I often ask myself, “If I could do it all over again, would I go to college?”
Most of the time my answer is a resounding no. The only reason I ever respond with a yes is that I love to teach economics at the college level and to speak and write about markets and liberty; but the gatekeepers would never let me “in” without a degree: a piece a paper draping me with legitimacy.
If it’s the education alone you value, you don’t have to go to college to get it. Learning can be had for free. If it is the shroud of legitimacy you seek, then who am I to tell you not to go? If your heart is set on a certain profession, and the gatekeepers of that profession demand certification, then go ahead and chase that paper.
For example, you can’t practice as a medical doctor without a college degree and state licensing approval. Otherwise, you shouldn’t just mindlessly ride the conveyor belt to ever more schooling. Here are three alternatives to the academic paperchase.
Insider tip: there’s this wonderful new technology that gives you free, instantaneous, anywhere access to the world’s wealth of information and knowledge. It’s called the internet. I am being a tad facetious; however few fully appreciate the internet as the college-killer that it is. Everything a professor could teach you in class is already available for free online. You can learn it all without paying for buildings, salaries of professors, books you won’t read or use, and excessive administrators. You get to study whatever, whenever, and wherever you want. The possibilities are limited only by your passion and imagination.
Find your guru
You will shine in comparison to most of the students they have to deal with.
At most colleges you can walk directly onto their campus and into any classroom with little or no resistance and attend for free. Who is the master in the field in which you have a passion? Find this guru, go to where he or she is teaching, and attend every single lecture by this person. Introduce yourself, and explain that you will be attending and informally auditing the course and would like to do the same with their other courses. Explain that you are taking this path to keep your costs down and learn from the best.
Many professors are looking to mentor ambitious individuals who have a passion for their subject matter and will be flattered that you have chosen them. You will shine in comparison to most of the students they have to deal with. Build a relationship with them and request from them a letter of completion which you can then put in your education portfolio.
Gurus are often to be found at exclusive and expensive universities. Applying could mean a demoralizing rejection and an official “not welcome” message. Or if accepted, the cost of your education would go from essentially zero to tens of thousands of dollars.
Instead, you could be attending where many walked away after rejection. You could be saving an enormous sum of money which your peers sitting next to you would be stuck paying. Sure, this is still “attending college” but on completely different terms. This is the path Steve Jobs took. He did alright for himself.
Pursue your passion
My nephew, Brad Adams, entrepreneur and owner of Roadrunner Bags, did just this. Initially he succumbed to the ceaseless nagging of state and society and headed off to college. After a brief stint, he packed his bags, took off, and never looked back. From Alabama to New York City, to Canada, then to Los Angeles, he pursued his love of biking and sewing.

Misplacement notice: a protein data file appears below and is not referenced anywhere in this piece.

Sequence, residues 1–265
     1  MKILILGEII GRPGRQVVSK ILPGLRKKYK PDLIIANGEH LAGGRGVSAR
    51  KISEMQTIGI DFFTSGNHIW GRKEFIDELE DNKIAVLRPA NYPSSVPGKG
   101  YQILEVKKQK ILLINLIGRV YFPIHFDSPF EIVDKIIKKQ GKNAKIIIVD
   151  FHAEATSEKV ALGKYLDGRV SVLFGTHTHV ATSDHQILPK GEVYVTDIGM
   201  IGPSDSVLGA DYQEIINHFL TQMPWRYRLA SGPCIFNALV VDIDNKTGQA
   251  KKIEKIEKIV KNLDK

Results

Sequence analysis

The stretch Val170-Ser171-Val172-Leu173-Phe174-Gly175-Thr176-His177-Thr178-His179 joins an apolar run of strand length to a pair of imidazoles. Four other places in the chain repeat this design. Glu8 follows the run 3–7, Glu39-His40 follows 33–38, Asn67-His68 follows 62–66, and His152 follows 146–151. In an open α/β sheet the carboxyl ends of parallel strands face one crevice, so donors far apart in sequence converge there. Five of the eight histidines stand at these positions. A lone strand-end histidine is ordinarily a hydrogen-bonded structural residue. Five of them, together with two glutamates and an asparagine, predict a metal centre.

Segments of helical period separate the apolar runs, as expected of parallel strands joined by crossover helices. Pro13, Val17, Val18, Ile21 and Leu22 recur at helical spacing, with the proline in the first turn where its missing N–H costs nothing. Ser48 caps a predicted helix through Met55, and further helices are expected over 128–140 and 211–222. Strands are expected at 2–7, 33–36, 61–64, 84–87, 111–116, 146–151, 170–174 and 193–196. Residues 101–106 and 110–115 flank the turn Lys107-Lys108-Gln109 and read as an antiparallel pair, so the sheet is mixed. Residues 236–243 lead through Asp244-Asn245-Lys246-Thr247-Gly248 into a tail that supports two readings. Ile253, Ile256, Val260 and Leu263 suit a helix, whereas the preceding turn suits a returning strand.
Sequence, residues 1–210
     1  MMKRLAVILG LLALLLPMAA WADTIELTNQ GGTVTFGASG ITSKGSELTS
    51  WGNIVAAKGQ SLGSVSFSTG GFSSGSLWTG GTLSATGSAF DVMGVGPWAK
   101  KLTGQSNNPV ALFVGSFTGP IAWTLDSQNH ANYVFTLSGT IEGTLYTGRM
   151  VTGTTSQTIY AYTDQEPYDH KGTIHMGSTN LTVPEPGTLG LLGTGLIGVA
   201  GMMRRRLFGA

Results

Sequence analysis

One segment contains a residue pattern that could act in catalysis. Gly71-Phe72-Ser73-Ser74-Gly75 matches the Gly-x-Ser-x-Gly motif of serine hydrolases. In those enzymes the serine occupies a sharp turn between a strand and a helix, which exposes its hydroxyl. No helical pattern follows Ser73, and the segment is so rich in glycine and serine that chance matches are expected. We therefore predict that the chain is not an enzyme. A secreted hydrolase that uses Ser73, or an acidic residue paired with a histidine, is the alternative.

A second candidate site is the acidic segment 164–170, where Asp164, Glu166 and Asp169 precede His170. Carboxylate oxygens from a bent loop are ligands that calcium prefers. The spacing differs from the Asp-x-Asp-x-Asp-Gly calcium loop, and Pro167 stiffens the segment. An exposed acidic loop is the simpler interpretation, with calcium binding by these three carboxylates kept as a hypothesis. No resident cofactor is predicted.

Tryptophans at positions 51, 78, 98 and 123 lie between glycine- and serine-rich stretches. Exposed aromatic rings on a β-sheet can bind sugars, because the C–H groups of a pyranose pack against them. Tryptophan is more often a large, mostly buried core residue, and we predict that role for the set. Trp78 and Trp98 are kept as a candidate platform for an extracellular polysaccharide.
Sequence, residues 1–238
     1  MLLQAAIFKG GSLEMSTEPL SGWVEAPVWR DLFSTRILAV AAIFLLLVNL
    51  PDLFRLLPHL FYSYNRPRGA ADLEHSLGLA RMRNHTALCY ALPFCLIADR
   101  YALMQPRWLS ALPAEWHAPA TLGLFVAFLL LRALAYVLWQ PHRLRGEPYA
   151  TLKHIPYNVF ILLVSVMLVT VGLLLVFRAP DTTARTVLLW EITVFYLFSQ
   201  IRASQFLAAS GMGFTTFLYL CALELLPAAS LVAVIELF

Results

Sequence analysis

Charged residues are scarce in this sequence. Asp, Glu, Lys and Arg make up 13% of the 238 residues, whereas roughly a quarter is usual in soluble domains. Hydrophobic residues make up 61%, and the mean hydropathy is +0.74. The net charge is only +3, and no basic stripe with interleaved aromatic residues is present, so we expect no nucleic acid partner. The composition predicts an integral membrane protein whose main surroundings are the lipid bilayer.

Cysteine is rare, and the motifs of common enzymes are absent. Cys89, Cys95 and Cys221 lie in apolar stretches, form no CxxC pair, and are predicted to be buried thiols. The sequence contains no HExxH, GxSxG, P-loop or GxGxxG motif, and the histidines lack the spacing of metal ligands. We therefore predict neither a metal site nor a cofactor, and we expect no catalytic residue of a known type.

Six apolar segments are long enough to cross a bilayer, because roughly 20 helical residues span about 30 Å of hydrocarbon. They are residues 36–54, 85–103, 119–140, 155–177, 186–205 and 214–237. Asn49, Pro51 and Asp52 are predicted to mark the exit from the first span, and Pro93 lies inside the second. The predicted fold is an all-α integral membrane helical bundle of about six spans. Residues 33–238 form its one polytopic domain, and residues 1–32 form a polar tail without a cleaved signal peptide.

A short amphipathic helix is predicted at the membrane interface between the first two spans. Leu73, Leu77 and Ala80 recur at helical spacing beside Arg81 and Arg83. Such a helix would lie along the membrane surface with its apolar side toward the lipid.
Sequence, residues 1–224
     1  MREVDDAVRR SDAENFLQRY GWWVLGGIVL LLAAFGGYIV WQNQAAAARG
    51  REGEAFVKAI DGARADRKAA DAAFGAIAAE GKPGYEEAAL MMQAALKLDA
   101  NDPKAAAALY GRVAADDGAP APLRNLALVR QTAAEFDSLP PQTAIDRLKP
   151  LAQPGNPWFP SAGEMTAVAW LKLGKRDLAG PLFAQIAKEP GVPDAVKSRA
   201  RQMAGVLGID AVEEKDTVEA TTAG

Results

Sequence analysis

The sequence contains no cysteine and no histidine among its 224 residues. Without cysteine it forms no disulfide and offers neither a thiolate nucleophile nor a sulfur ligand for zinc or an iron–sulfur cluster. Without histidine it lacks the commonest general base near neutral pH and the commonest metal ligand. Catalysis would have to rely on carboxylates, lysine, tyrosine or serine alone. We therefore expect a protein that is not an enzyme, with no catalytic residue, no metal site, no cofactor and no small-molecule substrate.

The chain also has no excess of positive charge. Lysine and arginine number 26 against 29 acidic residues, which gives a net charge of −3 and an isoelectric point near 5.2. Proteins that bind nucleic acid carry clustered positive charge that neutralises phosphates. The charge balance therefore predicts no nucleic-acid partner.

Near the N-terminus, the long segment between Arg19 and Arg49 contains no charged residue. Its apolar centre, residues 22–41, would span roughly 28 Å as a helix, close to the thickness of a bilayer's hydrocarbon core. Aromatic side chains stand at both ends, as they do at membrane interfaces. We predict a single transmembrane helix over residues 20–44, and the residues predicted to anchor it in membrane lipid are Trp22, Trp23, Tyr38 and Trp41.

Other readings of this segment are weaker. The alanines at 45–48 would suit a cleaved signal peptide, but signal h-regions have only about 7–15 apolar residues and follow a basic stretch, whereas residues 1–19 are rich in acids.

They have been provided a roadmap of how to start a business, and they won’t move unless everything aligns with that map.
He started making bike bags for his fellow cycling buddies and, with their encouragement, began selling them. This grew into a full-fledged business, and Brad is now manufacturing and selling his bags all over the world, without having taken a single business course. He has been in business now for five years, has his own manufacturing facility in downtown Los Angeles, and provides jobs to four full-time employees.
Brad recently told to me that he wished he would have gotten a business education. To which I replied with an astonished, “Why?” This shows how deeply “go to college” propaganda has affected us. No amount of success and fulfillment without school can abate it.
Why pay for business school when you can be paid to receive a practical business education, tailored for your interests? Many, perhaps most business students are doing exactly what they are taught, taking action only when the world aligns with their business school education. They have been provided a roadmap of how to start a business, and they won’t move unless everything aligns with that map.
If my nephew had been “trained” in business, he might have never started Roadrunner Bags. The business school roadmap might have said, “Don’t do it. You don’t have the capital. The market is saturated. You can’t manufacture and sell bags out of your apartment. You don’t have enough knowledge of the business or the market. Stop right there. Go get a job working for a bag manufacturer and learn the business.” Without such training, Brad was free to pursue the opportunity his circumstances and talents provided him.
College is not the only source of education and success. There are abundant alternatives that can get you where you want to go more directly. The academic paper chase is not the only way.